The Physiomedical Dispensatory by William Cook, M.D., 1869    



Description:  Natural Order, Umbelliferae.  A native of Persia, India, and other Oriental countries.   It is a biennial, attaining the height of six or seven feet, and abounding in a somewhat milky juice.  This juice is gathered in the spring time, from incisions made in the roots, after the manner of asafoetida.   It is a gum resin, and  comes to market  in  the  form of tears  consolidated into rough masses; yellowish without, whitish within, compact and brittle.  At a moderate heat, it softens without melting; and will burn with a white flame and much smoke.  It is partly soluble in water, with which it forms a milky emulsion; and acts as other resins with alcohol.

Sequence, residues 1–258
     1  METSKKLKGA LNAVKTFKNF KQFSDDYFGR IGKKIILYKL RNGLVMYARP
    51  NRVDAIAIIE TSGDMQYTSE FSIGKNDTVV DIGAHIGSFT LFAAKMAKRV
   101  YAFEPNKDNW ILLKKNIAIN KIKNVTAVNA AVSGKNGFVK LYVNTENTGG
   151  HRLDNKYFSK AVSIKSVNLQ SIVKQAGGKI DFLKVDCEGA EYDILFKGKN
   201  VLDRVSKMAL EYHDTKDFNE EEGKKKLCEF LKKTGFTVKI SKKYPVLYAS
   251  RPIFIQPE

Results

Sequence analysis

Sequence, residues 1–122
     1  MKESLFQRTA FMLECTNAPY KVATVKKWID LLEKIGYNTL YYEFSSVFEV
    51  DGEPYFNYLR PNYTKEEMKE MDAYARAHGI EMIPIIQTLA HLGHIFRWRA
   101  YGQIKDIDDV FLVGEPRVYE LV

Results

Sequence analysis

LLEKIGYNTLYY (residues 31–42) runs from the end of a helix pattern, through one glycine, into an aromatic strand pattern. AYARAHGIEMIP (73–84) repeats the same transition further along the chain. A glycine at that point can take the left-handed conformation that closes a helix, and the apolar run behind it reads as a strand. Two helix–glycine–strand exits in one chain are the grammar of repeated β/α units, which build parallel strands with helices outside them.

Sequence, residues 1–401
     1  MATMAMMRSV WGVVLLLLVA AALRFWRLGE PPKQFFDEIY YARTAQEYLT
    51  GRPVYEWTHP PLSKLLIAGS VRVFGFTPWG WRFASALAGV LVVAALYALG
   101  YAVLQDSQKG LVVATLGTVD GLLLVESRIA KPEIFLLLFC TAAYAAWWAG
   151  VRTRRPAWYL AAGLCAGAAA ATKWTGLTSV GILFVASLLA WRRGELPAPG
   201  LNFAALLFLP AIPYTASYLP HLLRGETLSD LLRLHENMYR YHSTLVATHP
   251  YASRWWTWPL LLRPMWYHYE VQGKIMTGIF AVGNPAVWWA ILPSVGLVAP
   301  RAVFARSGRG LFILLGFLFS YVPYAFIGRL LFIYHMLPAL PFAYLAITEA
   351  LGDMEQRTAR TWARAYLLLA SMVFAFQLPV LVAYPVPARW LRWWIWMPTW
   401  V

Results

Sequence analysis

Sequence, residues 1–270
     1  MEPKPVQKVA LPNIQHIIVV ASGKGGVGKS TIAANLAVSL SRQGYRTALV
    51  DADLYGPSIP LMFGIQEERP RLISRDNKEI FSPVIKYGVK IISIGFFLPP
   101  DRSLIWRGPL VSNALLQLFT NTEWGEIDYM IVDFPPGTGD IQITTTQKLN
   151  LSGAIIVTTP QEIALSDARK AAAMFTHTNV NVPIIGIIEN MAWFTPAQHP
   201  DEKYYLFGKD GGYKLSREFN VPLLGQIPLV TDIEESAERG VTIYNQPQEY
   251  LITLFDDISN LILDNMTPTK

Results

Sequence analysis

Properties and Uses:  Stimulant, with moderate relaxing powers, rather diffusive in its action, chiefly influencing the mucous membranes.  It should not be used in any case where inflammation is present, but is suited to relaxed and atonic conditions.   It is employed in old coughs with pulmonic debility and excessive mucous secretion; and sometimes in leucorrhea, and amenorrhea under similar circumstances.  It has been found of use in asthmatic and catarrhal affections under the same conditions.   It  gently  promotes  the flow of urine;  and  a warm preparation will act moderately upon the skin.  It is not an agent to be relied upon largely; but makes an excellent adjunct to stronger  and less diffusive  articles.   From ten  to  twenty grains may be given at a dose, three times a day; and though it may be used as a pill, the form of emulsion is better.  The emulsion is formed by triturating two drachms of the gum with half a pint of water; and one to two tablespoonfuls of this may be given as a dose.

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